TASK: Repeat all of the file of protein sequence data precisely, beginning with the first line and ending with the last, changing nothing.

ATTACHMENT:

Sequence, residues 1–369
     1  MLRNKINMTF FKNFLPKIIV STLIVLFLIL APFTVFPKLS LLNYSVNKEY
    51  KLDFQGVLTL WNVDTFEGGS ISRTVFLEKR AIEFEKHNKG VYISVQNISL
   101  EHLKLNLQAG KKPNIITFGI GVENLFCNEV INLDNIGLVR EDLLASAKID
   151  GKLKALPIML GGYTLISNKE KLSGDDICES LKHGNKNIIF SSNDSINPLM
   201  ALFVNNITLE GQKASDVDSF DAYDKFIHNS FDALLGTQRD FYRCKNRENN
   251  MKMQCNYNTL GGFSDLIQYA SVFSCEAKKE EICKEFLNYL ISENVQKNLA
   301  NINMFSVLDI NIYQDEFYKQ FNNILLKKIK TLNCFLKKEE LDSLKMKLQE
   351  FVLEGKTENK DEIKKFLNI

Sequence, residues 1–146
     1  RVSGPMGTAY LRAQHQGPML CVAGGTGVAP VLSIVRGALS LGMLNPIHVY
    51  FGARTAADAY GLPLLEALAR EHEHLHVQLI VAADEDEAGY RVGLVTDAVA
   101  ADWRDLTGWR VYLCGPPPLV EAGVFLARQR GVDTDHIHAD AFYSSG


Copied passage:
Sequence, residues 1–369
     1  MLRNKINMTF FKNFLPKIIV STLIVLFLIL APFTVFPKLS LLNYSVNKEY
    51  KLDFQGVLTL WNVDTFEGGS ISRTVFLEKR AIEFEKHNKG VYISVQNISL
   101  EHLKLNLQAG KKPNIITFGI GVENLFCNEV INLDNIGLVR EDLLASAKID
   151  GKLKALPIML GGYTLISNKE KLSGDDICES LKHGNKNIIF SSNDSINPLM
   201  ALFVNNITLE GQKASDVDSF DAYDKFIHNS FDALLGTQRD FYRCKNRENN
   251  MKMQCNYNTL GGFSDLIQYA SVFSCEAKKE EICKEFLNYL ISENVQKNLA
   301  NINMFSVLDI NIYQDEFYKQ FNNILLKKIK TLNCFLKKEE LDSLKMKLQE
   351  FVLEGKTENK DEIKKFLNI

Sequence, residues 1–146
     1  RVSGPMGTAY LRAQHQGPML CVAGGTGVAP VLSIVRGALS LGMLNPIHVY
    51  FGARTAADAY GLPLLEALAR EHEHLHVQLI VAADEDEAGY RVGLVTDAVA
   101  ADWRDLTGWR VYLCGPPPLV EAGVFLARQR GVDTDHIHAD AFYSSG